New food bank warehouse aims to better serve Winters, rural Yolo County

A new warehouse for the Yolo Food Bank aims to significantly increase the output of food assistance to Winters and other parts of the county.
A new warehouse for Yolo Food Bank is pictured on December 18, 2018. Photo by Yolo Food Bank/Handout
A new warehouse for Yolo Food Bank is pictured on December 18, 2018. Photo by Yolo Food Bank/Handout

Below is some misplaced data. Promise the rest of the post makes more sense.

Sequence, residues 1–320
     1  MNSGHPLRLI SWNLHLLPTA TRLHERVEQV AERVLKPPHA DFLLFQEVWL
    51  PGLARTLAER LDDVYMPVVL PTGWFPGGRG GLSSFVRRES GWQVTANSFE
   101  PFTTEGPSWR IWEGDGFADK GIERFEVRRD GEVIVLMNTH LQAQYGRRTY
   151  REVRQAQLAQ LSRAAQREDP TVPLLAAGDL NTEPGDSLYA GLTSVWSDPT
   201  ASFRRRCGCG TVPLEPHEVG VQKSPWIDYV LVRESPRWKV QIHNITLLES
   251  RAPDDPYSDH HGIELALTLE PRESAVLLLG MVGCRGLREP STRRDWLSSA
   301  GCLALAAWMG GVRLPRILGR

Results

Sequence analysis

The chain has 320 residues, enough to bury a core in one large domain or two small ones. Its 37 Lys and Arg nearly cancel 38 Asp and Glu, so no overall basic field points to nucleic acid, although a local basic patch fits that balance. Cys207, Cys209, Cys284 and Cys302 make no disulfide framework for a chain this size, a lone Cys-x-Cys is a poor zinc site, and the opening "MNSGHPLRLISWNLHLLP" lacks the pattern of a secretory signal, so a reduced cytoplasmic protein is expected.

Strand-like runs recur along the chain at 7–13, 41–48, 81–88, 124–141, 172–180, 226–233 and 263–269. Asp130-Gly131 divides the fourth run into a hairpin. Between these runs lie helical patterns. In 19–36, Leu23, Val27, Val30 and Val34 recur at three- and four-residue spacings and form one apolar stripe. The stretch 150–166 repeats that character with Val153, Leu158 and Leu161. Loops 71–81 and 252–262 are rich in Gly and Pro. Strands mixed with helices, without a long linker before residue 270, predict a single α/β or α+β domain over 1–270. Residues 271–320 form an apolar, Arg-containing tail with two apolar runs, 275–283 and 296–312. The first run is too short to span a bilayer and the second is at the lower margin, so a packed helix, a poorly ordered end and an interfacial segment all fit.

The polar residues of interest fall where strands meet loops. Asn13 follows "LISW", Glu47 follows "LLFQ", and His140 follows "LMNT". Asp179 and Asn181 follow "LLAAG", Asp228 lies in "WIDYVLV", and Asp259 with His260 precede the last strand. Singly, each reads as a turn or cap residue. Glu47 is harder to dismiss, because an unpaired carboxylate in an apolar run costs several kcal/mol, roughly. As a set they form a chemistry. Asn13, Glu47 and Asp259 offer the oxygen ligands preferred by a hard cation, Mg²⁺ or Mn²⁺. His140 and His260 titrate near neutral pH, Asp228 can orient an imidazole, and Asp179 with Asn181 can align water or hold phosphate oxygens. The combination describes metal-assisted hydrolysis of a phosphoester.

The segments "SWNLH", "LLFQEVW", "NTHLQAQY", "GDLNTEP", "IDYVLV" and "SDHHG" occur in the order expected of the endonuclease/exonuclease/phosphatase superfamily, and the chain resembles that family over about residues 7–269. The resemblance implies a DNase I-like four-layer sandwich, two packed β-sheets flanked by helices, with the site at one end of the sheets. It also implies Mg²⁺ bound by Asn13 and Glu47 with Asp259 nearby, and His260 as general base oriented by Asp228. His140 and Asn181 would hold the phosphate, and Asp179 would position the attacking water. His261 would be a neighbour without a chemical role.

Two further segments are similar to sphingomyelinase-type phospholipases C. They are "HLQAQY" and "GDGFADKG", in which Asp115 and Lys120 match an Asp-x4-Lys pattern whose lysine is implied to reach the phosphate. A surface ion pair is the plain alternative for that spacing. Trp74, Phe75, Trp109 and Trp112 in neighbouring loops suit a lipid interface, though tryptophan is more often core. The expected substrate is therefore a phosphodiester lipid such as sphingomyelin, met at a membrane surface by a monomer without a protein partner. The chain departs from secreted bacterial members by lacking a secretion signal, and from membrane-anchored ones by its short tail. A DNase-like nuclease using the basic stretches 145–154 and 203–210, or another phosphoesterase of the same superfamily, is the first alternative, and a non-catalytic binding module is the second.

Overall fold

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More than 19 percent of people — or one in five individuals — living in Yolo County fall below the federal poverty line, according to information released by the U.S. Census Bureau. In Winters, that number is less than 10 percent of residents, according to data collected by Yolo County officials and furnished by Yolo Food Bank to the Express. But Cohan said officials in Winters claim the number is much higher if you broaden the data to include portions of the county served by the Winters Joint Unified School District. A school official told her the number of people living in poverty jumps to more than 25 percent — or one in four people — when you take into account those residents who live both inside and on the periphery of the city line. Allow that to sink in for a moment. One in four people. Consider your neighbors, your friends, the students who attend school with your children. Statistically, for every group of four people you know, one of them likely faces the challenge of “food insecurity” — an academic term that largely means hunger. If you think you’re one of the lucky individuals who surrounds themselves with other people who aren’t hungry, you’re probably wrong. People who are classified as “food insecure” are statistically unlikely to make it known because of a stigma associated with poverty. Studies largely confirm their concerns: One in two Americans surveyed said they believed poverty was caused by a lack of aspiration and motivation, according to data released by the Kaiser Family Foundation and others. (The Kaiser Family Foundation, which is not a part of Kaiser Permanente, operates Kaiser Health News. The Express is a Kaiser Health News media partner.) That perspective is largely untrue: Many of the people Yolo Food Bank have jobs, pay taxes and contribute to society. But their paychecks may fall short of fully funding their ability to secure nutritious food. For some in rural portions of the county, access to grocery store could require a trip several towns over, making such trips cost prohibitive. For others, a restriction on funds, lack of public transportation, disability, an unexpected layoff or even drought could put healthy food out of reach. That perspective on why a person in poverty makes it less likely that someone will seek help in the way of food assistance. “The common perception being that these individuals made poor life choices and need to live with the consequences,” Jaclyn Lindsey, a writer with Kindness.org, wrote in 2016. “This kind of societal reaction is devastating and can often exacerbate people’s already dire situations.” And that’s true, because while poverty can cause food insecurity, it also works the other way around: Hunger spurred by a lack of nutritious food can thrust a person into poverty — or, if they’re already there, make a bad situation much worse. And that can have a myriad of cascading consequences: Numerous studies have shown that when children go hungry, their test scores are bad. Likewise, when adults go hungry, their work performance suffers, which could result in an increase in sick day utilization or even a job loss. In recent years, city officials and food distribution partners in Winters have taken a proactive approach to combating both hunger and the stigma associated with it. Mayor Bill Biasi, Council Member Jesse Loren and City Manager John Donlevy are among the city officials who wrote letters of support of county and state funding applications for Yolo Food Bank. Loren took things one step further, sharing her own personal story about living with hunger as a college student in a mailer distributed by the food bank earlier this year. Partnerships with CHOC/Winters Village, Rise, the First Baptist Church, Familia Church, Meals on Wheels, various farmers markets at different Winters-area schools and others have helped increase the output of nutritious food to nearly 114,000 pounds valued at over $228,000, according to 2017 data offered by the food bank. Every month, the food bank says it is serving around 560 individuals who live within the Winters city limits. Yolo Food Bank wants those numbers to increase, and a bigger warehouse will make that possible. “The new facility has the capacity to service 300 percent more food collection, storage and distribution activity than our previous location,” Cohan said. The construction of the new facility also brought costs down considerably for the food bank: West Sacramento-based Brown Construction agreed to build the new Yolo Food Bank complex at cost, which saved $300,000 for the food bank — money that can be reinvested in other areas such as operations and distribution. Members of the public who are interested in seeing the new Yolo Food Bank warehouse are invited to attend a symbolic procession of food from the old office complex to the new one on Friday, March 22 at 1:30 p.m. Cohan said more than 100 people are expected to participate in the procession to the new food bank. The new food bank warehouse is expected to be fully operational next month, with a ceremonious grand opening tentatively scheduled toward the beginning of autumn.]]>

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